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Azerbaijan

The US Calls Azeri Government to free All Individuals Imprisoned for Exercising Their Fundamental Freedoms

The Azeri Times

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The US welcomes the release of the opposition politician Ilgar Mammadov from imprisonment in Azerbaijan and calls on the authorities to remove accusations from him, as well as to release all other persons arrested for the implementation of fundamental freedoms.

This was stated by the Department of State spokeswoman Heather Nauert.

“The United States welcomes the decision of the Azerbaijani Court of Appeal to release Republican Alternative Party Chairman Ilgar Mammadov, whose conviction and imprisonment for over five years raised serious concerns about the rule of law in Azerbaijan. We call on the government to drop the charges against him, in keeping with its international obligations and the rulings of the European Court of Human Rights.

We urge the Azerbaijani authorities to release all other individuals who have been imprisoned for exercising their fundamental freedoms,” Nauert said in the statement published on the website of the US Department of State.

According to local human rights defenders, there are at least 150 political prisoners in Azerbaijan.

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Azerbaijan

The true price of Azerbaijani cotton

The Azeri Times

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The fall in oil prices during the last few years has forced the government of Azerbaijan to seek alternative revenue sources. Baku placed its bets on cotton, without heeding the consequences – human rights violations, rising costs of agricultural produce and even the threat of boycotts by major buyers. After the mass poisoning of cotton workers this summer, Meydan TV reporters started to wonder: what is the price this country has to pay for growing cotton?

Criminal proceedings after poisoning allegations

“We all started to have bad stomachaches, then foam came out of our mouths. We got scared and left the field. Those who were not affected took us to a hospital,” recalls Gulnara Gardashova.

The 33-year old is one of the Azerbaijani cotton workers who was poisoned while working on the fields this summer. There are said to be hundreds of people like her, though the government is concealing the actual scale of what is happening.

On 10 July, 25 other people were poisoned along with Gulnara, working on cotton fields in the village of Simada in the southwestern Saatli district.

“Before we started working, the farmer told us that he had sprayed the soil with a chemical two weeks earlier, and that it was safe to resume work after two days. But it seems that the effect of the chemical lingered.”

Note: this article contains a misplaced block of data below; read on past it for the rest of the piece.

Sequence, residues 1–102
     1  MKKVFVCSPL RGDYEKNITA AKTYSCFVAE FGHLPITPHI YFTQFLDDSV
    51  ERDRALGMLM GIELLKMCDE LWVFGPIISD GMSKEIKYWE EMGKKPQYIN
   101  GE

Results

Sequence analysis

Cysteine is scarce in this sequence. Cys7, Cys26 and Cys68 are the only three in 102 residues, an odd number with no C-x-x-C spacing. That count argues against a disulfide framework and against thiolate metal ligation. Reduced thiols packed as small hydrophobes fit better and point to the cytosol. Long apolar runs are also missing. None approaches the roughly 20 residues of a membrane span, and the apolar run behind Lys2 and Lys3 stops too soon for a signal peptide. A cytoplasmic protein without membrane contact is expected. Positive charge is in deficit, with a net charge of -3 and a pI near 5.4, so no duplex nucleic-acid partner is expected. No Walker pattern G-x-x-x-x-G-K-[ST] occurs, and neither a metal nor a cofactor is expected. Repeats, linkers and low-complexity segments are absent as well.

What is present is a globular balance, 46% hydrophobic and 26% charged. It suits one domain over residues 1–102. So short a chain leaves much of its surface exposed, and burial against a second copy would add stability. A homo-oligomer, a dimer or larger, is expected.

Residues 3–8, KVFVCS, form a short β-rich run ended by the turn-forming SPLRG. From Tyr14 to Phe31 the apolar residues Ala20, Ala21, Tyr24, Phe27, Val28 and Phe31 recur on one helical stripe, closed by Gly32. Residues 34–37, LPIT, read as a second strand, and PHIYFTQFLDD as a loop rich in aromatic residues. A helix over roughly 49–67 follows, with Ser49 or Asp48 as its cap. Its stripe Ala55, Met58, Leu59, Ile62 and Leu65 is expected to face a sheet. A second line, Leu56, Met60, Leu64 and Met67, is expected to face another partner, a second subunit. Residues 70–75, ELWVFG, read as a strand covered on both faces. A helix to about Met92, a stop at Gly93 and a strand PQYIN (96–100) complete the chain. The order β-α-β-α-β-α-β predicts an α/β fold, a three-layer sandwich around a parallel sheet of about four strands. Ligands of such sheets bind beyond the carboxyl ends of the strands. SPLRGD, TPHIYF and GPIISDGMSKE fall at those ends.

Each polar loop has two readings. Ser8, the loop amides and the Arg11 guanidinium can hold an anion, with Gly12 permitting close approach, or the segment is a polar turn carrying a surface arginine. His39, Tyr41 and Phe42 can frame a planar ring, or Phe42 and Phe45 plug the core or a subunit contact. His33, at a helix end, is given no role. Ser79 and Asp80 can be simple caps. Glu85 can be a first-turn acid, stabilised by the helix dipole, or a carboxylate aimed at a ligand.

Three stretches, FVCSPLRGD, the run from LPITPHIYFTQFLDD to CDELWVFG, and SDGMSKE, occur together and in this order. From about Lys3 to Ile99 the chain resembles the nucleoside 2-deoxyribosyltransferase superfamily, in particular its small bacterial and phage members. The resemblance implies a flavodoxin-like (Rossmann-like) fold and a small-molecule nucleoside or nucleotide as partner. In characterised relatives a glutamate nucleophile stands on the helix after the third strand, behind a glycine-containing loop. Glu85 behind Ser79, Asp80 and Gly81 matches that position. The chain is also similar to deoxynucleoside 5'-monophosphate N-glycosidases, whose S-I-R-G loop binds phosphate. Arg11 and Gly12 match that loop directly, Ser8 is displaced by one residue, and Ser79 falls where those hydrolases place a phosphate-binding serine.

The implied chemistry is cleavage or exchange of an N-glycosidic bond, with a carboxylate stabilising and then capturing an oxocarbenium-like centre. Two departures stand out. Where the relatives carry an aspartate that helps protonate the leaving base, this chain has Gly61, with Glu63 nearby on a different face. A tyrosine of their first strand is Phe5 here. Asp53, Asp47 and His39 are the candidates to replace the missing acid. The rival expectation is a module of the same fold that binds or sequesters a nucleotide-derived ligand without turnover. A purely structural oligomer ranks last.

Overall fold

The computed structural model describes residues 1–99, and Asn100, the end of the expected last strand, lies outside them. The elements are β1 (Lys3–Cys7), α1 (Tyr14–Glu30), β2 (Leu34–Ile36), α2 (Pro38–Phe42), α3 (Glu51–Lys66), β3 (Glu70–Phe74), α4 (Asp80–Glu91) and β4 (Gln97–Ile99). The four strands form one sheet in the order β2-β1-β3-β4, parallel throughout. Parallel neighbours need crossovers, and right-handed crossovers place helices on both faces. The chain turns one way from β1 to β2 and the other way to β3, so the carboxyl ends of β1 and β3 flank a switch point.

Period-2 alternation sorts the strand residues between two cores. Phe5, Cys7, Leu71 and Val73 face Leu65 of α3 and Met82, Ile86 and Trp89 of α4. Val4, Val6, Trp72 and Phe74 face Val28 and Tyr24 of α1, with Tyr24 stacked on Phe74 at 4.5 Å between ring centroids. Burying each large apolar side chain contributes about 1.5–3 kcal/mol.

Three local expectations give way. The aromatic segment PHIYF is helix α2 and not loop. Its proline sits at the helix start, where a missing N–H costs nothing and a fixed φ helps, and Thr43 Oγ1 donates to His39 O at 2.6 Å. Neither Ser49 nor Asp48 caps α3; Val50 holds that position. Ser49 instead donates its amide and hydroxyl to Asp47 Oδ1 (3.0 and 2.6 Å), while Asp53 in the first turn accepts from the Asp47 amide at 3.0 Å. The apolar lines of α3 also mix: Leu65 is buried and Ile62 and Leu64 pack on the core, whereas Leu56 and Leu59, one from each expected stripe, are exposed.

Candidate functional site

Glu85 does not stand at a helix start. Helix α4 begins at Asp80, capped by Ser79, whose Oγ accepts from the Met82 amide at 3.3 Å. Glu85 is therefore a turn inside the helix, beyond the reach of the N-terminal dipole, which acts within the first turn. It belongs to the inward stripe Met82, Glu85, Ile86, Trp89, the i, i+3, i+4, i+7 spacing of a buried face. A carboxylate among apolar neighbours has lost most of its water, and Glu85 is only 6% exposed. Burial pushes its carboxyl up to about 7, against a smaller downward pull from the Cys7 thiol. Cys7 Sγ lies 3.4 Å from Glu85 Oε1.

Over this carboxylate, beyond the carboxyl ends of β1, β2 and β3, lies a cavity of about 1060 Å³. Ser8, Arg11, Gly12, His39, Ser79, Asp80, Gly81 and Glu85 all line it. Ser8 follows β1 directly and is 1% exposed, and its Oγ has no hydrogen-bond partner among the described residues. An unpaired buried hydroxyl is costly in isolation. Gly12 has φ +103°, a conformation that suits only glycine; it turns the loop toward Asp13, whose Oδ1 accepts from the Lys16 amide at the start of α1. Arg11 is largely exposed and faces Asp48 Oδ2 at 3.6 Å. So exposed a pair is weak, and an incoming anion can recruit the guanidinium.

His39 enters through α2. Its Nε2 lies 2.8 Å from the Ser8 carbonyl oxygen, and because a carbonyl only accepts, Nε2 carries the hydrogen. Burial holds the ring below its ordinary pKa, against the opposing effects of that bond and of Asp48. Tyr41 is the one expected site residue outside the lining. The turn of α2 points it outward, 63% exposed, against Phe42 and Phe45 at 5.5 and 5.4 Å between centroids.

Gulnara and the others affected were taken to the local hospital. She said their condition was taken seriously, which is why they were sent to the Clinical Medical Center in Baku.

When talking to reporters, Azer Magsudov, head of the clinic’s Toxicology Department, confirmed that those affected were feeling “lightheaded and sick” but rejected the suggestion that this was due to poisoning. He did not specify what caused the symptoms. Similarly, doctors in other hospitals who treated the patients with the same symptoms told journalists that the cause was excessive exposure to the sun, not poisoning due to pesticides.

The Azerbaijani Prosecutor General’s Office has launched criminal proceedings into negligence by officials and potential violations of procedures in combatting plant diseases and pests. On 10 August, the Prosecutor-General’s Office said it had completed a preliminary investigation in the criminal case regarding 10 people – agronomists, heads of centers for the protection of plants, and other officials. All of them have been charged with violating occupational health and safety rules, and their cases have been passed on to courts in Saatli, Imishli and Tartar districts.

Scale of poisonings remains unclear

There is no official information about the number of people affected. Media reports and eyewitness testimonies suggest that there have been at least 400 cases this summer alone. Among the victims are children, who often help their parents on the fields. In Saatli, a Meydan TV correspondent saw three teenage girls weeding a cotton field.

So far, the poisonings occurred in four districts: Imishli, Saatli, Tartar and Yevlakh.

In June, around 80 cotton workers were poisoned working on fields in the Imishli district. Since the official narrative of sunstroke had not yet been established, the head of the local hospital, Eynulla Gasimov, shared his assessment freely:

“In Soviet times, people used to get poisoned by pesticides. Such incidents still happen today, and this is one of them.”

The main buyers and distributors of pesticides are agro-industrial unions. Since they are controlled by the government, it is difficult for journalists to obtain information about the specific types of pesticides used on the fields.